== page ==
Close-up portrait of an Asian woman with sensitive teeth holding yellow ice cream on white background.

Tooth sensitivity is a sharp sensation or discomfort that you feel in your teeth when exposed to hot and cold, sweet or acidic foods and drinks. It can result from various other factors, including inflammation of the pulp, exposed dentine, receding gums, cracked teeth, bruxism, dental procedures, and even ageing.

Getting dental veneers can contribute to tooth sensitivity, but this is a common and manageable side effect.As discussed, a thin layer of the enamel is removed during the tooth preparation phase to make space for the veneer. This removal, although essential, exposes the dentine layer. Dentine is the second layer beneath the enamel on the outside of your teeth. Normally, the hard enamel layer protects the dentine and the nerves inside. However, enamel can become thinner than its normal thickness due to slight shaving during the procedure.

Cause and mechanism of sensitive teeth vector illustration.

Given that the enamel acts as the primary defence against external stimuli (refer to factors outside the tooth structure that can trigger sensitivity or discomfort), its reduction means the dentinal tubules are more susceptible to triggering sensitivity. Unlike enamel, dentine contains tiny tubes filled with fluid. When hot or cold reaches these tubes, the fluid moves, stimulating nerves in the inner tooth pulp, leading to that zap of pain.

Understanding the relationship between enamel erosion, dentine exposure, and the enamel removal procedure can help patients comprehend why they might experience sensitivity after getting veneers. This way, they can better do careful planning when getting veneers, manage their dental health, and seek professional advice when necessary.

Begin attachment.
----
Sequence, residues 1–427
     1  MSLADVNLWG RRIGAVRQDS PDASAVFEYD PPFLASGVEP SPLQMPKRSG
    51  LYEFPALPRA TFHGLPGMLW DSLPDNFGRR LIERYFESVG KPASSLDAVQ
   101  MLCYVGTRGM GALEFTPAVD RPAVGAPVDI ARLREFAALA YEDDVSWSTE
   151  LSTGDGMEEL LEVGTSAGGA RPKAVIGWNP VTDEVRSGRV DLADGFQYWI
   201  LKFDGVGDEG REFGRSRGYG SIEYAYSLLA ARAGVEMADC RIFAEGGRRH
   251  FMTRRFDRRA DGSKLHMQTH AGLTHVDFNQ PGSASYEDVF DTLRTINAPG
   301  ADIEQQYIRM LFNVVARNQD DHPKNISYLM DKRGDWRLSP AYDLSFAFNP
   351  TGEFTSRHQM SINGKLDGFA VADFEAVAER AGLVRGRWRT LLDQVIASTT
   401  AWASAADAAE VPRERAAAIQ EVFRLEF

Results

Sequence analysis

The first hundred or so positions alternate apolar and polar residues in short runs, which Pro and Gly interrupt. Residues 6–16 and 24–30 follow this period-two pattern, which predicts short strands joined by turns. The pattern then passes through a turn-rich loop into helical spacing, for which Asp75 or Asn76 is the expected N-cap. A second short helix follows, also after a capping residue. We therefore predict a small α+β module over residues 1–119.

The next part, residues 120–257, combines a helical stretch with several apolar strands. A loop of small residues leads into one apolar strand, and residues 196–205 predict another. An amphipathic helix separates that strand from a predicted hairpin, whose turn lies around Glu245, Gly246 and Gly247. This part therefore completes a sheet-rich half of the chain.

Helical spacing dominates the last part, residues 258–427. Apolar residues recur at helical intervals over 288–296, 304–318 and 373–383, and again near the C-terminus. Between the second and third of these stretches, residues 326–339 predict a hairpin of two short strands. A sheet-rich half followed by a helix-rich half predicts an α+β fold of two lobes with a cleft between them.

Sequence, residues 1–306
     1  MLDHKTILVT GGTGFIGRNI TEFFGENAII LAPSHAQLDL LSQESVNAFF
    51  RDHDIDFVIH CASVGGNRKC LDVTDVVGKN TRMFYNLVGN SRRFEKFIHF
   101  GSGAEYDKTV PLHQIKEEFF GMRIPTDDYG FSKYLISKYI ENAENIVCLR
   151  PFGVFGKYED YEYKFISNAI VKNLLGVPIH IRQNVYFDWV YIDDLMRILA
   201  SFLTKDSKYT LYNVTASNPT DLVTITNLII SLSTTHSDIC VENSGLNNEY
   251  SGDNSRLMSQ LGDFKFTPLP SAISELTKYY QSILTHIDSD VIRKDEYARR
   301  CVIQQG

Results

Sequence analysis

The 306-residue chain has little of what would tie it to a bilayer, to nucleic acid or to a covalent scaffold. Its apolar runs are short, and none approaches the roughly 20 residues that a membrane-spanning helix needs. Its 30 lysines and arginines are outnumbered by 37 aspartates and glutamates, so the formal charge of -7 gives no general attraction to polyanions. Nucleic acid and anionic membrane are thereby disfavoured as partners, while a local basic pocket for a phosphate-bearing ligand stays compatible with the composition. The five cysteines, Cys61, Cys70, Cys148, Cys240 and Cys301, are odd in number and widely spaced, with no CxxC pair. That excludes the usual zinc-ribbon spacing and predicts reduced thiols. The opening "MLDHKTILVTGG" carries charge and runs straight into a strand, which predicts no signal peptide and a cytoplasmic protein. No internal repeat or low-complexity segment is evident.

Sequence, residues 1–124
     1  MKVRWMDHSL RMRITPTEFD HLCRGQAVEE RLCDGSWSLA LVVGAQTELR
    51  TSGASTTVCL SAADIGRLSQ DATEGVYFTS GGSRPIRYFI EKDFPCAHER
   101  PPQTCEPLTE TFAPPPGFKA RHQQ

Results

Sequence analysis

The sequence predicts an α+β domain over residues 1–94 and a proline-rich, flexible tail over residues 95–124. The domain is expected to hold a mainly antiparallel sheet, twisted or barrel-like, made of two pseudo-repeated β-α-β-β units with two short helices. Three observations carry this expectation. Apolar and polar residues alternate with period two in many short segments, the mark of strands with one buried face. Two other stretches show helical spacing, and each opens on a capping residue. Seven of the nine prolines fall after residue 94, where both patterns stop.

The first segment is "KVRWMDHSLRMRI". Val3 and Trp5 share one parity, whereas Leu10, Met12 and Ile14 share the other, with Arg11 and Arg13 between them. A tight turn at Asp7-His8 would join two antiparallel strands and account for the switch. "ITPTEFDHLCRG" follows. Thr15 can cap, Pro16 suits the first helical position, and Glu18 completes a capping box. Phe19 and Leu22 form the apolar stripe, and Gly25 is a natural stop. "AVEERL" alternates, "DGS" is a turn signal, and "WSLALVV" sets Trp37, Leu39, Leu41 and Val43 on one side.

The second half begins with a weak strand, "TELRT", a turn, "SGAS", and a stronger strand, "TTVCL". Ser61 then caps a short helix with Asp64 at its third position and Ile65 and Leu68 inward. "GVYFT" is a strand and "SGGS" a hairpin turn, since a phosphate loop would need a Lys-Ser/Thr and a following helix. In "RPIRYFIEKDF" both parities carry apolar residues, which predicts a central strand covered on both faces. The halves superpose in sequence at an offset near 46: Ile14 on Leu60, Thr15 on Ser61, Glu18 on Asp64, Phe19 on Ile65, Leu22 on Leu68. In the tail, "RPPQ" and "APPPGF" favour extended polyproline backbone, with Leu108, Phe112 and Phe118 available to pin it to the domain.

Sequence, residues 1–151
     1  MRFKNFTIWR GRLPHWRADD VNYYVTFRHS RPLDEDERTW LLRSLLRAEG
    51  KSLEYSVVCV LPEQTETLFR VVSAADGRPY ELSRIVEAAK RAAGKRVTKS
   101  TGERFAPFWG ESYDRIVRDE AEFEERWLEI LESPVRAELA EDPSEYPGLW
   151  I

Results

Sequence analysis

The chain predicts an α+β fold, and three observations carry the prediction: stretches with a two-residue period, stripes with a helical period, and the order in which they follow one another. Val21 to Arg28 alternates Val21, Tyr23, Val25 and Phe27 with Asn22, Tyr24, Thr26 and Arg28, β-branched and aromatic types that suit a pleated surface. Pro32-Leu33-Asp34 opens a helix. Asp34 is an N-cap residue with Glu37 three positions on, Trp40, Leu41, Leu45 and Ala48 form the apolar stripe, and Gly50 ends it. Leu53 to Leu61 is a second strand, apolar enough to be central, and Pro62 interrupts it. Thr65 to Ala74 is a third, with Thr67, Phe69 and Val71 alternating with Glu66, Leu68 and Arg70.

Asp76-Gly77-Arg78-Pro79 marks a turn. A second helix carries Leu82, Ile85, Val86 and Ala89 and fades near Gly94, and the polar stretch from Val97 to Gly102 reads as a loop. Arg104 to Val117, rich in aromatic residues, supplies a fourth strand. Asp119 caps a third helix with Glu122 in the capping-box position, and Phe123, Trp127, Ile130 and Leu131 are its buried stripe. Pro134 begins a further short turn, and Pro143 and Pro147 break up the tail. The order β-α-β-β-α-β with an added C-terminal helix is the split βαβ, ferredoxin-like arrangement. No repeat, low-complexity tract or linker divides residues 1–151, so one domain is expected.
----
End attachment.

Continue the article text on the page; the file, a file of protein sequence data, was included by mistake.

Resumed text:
How Often Does Sensitivity Occur?

Tooth sensitivity is a widespread complaint, affecting more than half of the population. Sensitive teeth may occur at any age. This condition can manifest as a temporary inconvenience or a persistent discomfort, significantly impacting an individual’s quality of life. A study conducted in Singapore revealed that 64 per cent of the population suffers from sensitive teeth. This high percentage shows the commonality of the issue, illustrating that tooth sensitivity is not an isolated or rare dental problem.

Typically, tooth sensitivity can occur when you consume hot, cold, sweet or sour drinks and foods or even by breathing cold air. When it comes to veneers, patients may experience temporary tooth sensitivity due to modifying the natural tooth structure during the procedure. Understanding that sensitivity is a prevalent concern can help patients feel less isolated in their experiences and more empowered to seek effective management strategies.

Why Does Sensitivity Happen?

As mentioned earlier, removing enamel during veneer placement can expose the underlying dentine. This dentine contains microscopic tubules that directly connect to your tooth nerve. When stimulated by hot, cold, or other irritants, these tubules transmit signals to the nerve, causing a feeling of sensitivity.

The veneer placement process can also lead to temporary dental pulp inflammation, causing sensitivity. In some cases, sensitivity could be a signal of underlying tooth decay, which might have been unnoticed before the veneer procedure.

How Long Does Sensitivity Last?

The good news is that veneer-related tooth sensitivity is typically temporary. In most cases, the discomfort subsides within a few days to a week as your mouth adjusts to the veneers. However, it’s important to remember that the timeline for teeth sensitivity can vary from person to person.

Here’s a general timeframe to give you an idea:

👉Day 1-3

  • Heightened sensitivity 
  • Increased temperature sensitivity to hot, cold, sweet, or acidic foods and drinks. Discomfort might be noticeable during brushing, flossing, or drinking hot drinks and eating frozen foods like ice cream.

👉Day 4-7

  • Medium sensitivity
  • Sensitivity gradually subsides. Discomfort should be minimal and only triggered by extreme temperatures or irritants.

👉Week 2+

  • Low sensitivity (unnoticeable)